The area where tourists are allowed within Maras is relatively limited.

At one point in time tourists were permitted to meander through the salt pans to a greater extent, but issues with inconsiderate guests leaving trash and polluting them caused Maras to cut back visitor access down near the actual pans.

I would budget 60 to 90 minutes for visiting the Maras Salt Mines depending on how much shopping and photography you want to do.

Maras Salt mining terraces of Peru with cloudy backdrop
The mountain views were partially obscured by clouds during our visit to Maras

Seeing the salt terraces is only half the battle. I’d recommend hiring a local guide to help you understand the history of Maras and how the operation takes place. They can also help bridge the language barrier when bartering with local vendors!

If Maras is up your alley read on and consider pairing the Inca ruins of Moray with your visit to the area. For those seeking a broader set of activity ideas don’t forget to check out my list of the best activities to do in Cusco Peru.

That guide covers a ton of activities to do around Cusco, including big ticket adventures like visiting Humantay Lake or Machu Picchu!

How old are the Maras Salt Mines?

Experts believe that the Maras Salt Mines were constructed between 500 and 1100 AD, by the Wari civilization, an ancient culture that predates the Inca Empire. Given these estimates the mines may have been in use for over a millennium!

Check out these activities available in the area

Looking for more ways to fill out your trip itinerary? Be sure to check out the list of activities below from GetYourGuide.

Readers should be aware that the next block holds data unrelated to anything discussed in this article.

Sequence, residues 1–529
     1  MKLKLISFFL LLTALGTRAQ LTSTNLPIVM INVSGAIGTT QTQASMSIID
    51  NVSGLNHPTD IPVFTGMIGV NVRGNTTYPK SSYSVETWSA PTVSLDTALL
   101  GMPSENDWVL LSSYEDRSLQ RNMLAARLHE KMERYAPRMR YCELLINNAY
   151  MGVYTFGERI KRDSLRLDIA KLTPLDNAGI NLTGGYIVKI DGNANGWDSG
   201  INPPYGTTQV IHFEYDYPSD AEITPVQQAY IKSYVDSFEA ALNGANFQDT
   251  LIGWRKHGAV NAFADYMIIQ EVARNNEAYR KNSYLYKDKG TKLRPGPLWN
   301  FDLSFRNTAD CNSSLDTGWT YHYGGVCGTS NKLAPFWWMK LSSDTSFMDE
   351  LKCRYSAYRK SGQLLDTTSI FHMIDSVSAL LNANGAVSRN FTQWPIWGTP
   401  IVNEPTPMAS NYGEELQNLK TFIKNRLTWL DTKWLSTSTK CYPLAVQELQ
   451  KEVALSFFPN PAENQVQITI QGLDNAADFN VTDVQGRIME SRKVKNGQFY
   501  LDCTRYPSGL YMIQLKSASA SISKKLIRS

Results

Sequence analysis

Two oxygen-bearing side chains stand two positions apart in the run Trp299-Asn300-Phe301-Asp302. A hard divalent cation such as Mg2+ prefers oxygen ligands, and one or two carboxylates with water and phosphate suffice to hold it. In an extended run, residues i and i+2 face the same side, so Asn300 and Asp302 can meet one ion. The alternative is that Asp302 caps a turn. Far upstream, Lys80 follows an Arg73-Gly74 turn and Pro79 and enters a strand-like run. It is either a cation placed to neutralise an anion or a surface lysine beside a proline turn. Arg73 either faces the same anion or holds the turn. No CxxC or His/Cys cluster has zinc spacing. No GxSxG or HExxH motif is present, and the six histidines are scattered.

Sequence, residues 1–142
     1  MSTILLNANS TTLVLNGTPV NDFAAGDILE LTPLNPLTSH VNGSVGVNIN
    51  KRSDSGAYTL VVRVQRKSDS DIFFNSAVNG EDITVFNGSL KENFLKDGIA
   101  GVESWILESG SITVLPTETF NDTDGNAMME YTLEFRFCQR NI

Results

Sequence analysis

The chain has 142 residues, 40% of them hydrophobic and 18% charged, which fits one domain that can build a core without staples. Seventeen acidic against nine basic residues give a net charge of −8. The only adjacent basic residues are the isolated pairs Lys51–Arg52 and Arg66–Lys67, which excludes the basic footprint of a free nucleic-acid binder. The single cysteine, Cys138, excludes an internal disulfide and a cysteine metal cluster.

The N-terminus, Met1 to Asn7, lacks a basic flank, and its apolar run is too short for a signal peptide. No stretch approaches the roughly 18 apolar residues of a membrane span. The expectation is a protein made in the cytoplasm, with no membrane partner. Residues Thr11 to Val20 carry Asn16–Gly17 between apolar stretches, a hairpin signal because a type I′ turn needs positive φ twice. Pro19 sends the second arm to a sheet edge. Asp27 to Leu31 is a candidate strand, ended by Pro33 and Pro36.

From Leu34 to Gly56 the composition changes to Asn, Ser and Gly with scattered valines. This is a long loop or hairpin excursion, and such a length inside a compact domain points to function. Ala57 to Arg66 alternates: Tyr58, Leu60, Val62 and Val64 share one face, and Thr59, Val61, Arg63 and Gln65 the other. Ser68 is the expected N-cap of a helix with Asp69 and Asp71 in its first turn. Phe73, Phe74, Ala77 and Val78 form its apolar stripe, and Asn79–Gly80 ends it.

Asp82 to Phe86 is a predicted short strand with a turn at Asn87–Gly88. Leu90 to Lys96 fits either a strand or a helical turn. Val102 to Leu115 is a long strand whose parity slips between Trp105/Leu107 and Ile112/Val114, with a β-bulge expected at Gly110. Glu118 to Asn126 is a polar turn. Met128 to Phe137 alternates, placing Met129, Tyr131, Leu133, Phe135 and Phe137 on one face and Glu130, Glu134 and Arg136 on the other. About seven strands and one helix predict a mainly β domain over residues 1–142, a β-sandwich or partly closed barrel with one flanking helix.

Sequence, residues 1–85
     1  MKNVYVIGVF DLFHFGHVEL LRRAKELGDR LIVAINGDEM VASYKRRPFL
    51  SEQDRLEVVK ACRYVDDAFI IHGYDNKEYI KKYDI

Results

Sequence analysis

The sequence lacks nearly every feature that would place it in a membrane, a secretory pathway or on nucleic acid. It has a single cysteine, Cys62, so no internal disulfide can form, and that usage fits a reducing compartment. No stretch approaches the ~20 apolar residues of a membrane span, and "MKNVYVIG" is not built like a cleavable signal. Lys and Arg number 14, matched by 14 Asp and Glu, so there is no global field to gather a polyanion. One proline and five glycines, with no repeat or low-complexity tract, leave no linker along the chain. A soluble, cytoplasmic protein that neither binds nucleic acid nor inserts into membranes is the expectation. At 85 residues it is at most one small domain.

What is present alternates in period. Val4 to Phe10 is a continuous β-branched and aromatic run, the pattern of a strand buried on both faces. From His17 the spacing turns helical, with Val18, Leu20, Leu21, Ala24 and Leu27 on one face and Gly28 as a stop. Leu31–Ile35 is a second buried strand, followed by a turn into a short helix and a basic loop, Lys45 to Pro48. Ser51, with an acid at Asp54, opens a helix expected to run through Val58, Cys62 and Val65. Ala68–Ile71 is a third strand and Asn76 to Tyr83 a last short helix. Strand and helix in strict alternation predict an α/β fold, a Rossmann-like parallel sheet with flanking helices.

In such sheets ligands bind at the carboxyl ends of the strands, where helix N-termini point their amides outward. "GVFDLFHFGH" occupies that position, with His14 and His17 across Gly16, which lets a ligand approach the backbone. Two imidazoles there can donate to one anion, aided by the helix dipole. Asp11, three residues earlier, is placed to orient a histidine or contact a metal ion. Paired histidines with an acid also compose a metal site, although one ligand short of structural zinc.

Is it worth visiting the nearby Moray Inca ruins from Maras?

First off, to enter the ruins of Moray you’ll need a tourism ticket for the area.

When we visited Peru the entry ticket cost us 70 soles (about $20 USD) but also grants you access to Ollantaytambo, Pisac and Chinchero.

This ticket is different from the one needed to access Moray and some of the other Inca Ruins such as Sacsayhuaman located closer to Cusco.

You should be able to purchase a ticket near the Moray entrance. Be sure to have cash on hand to purchase your ticket or for purchasing goods from the locals who setup shop here as well.

Circular Incan ruins of Moray in Peru
The peculiar Inca Ruins of Moray

But is it worth it?! So, as I mentioned earlier we booked our Moray trip as a full day excursion through Alpaca Expeditions that included stops at Pisac and the Maras Salt Mines beforehand.

The day as a whole was amazing and we really enjoyed working with Alpaca Expeditions.

While the history of Moray is very interesting, the site as a whole is a bit underwhelming compared to Pisac or Maras. I’d recommend these two many times over. But Moray did feel a bit flat after we visited Pisac and Maras earlier in the day.

However, if you’re already planning to visit the salt mines it’s probably worth popping over to Moray given it’s proximity.

If you’re also planning to visit Pisac then the tourism ticket will already be a sunk cost so entering Moray won’t be an extra cost.

While I wouldn’t go out of my way to visit Moray on it’s own, if you’re already nearby visiting the Maras Salt Mines of Peru then it’s certainly worth the pit stop!